3. Explain the context of the question
Be sure to explain your question’s context—this gives survey respondents a better understanding of what you’re looking for and why it matters. When possible, provide additional detail about why this particular inquiry is vital so they can give an informed answer.
Naturally, this can get in the way of keeping questions clear and concise. But as you gain experience crafting questions and conducting research, you’ll start to find that delicate balance between being informative and brief.
4. Avoid leading questions
Try to avoid leading questions that suggest a particular answer or contain discriminatory language. Instead, use neutral language. Then, let the respondent draw their own conclusions.
Struggling to maintain your motivation while you’re researching? Check out this post for helpful tips!
Closed Ended vs. Open Ended Questions
Next, let’s look at the differences between closed ended and open ended questions.
Generally speaking, closed questions require respondents to provide a specific answer from a pre-determined set of options—this can limit the depth of your survey responses, as there’s no room for elaboration or further dialogue.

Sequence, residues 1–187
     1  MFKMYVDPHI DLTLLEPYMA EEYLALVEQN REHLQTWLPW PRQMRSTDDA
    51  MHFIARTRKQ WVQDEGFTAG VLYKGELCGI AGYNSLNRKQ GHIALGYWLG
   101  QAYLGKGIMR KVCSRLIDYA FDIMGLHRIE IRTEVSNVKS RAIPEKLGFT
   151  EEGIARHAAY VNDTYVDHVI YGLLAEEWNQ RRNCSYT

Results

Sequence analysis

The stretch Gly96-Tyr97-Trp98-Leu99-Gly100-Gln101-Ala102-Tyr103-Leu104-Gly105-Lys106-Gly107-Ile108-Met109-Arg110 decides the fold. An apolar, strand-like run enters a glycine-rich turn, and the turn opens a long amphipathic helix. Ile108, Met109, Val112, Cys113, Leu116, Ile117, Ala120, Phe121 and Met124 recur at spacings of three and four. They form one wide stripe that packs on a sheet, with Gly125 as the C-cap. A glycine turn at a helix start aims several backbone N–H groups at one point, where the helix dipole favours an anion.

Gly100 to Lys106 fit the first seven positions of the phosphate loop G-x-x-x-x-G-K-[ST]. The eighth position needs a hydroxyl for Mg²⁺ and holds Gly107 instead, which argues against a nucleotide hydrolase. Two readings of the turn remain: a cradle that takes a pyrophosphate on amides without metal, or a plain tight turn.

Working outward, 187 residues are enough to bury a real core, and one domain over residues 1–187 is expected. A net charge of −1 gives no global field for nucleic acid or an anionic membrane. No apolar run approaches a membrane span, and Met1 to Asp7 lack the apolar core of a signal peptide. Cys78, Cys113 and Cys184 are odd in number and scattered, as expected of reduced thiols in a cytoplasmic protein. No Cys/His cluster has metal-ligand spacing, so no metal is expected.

Conversely, open ended questions are more free-form. They invite respondents to provide longer, more in-depth answers.
When used correctly, open ended questions can be precious tools for conducting research or gathering authentic feedback. Sure, they may require additional effort on your part when it comes to analyzing responses (LiGRE helps with that!). But the quality of information you gain is often worth it.
This isn’t to say closed ended questions don’t have their benefits and uses, however! Notably, they can be helpful in collecting data quickly.
Frequently Asked Questions About Open Ended Questions (FAQs)
Finally, here are three popular questions we’re asked on the topic:
What is an open ended question example?
One example of an open ended question is: “How do you feel about the proposed changes to employee compensation?”
What are good open ended questions?
There are all kinds of ways to create good open ended questions. What separates a “good” question from a less effective one is whether the question invites the respondent to answer in the most effective way for your unique research needs.
What is a closed versus open ended question?
Closed ended questions require respondents to provide a specific answer from a pre-determined set of options. Alternatively, open ended questions facilitate more free-form responses. They invite the respondent to elaborate on their response rather than a one word answer.
Try LiGRE Qualitative Data Analysis Software Today
If you’re looking for an easy-to-use and powerful tool to analyze your qualitative data, look no further than LiGRE. Our user-friendly platform allows you to conduct a thorough analysis of your data quickly—start using LiGRE today!
Did you learn a lot about open ended questions today?
Here are three more posts to read next:
- 7 Tips to Make an Effective Survey
- How to Code Qualitative Data
- Benefits of Qualitative Research Methods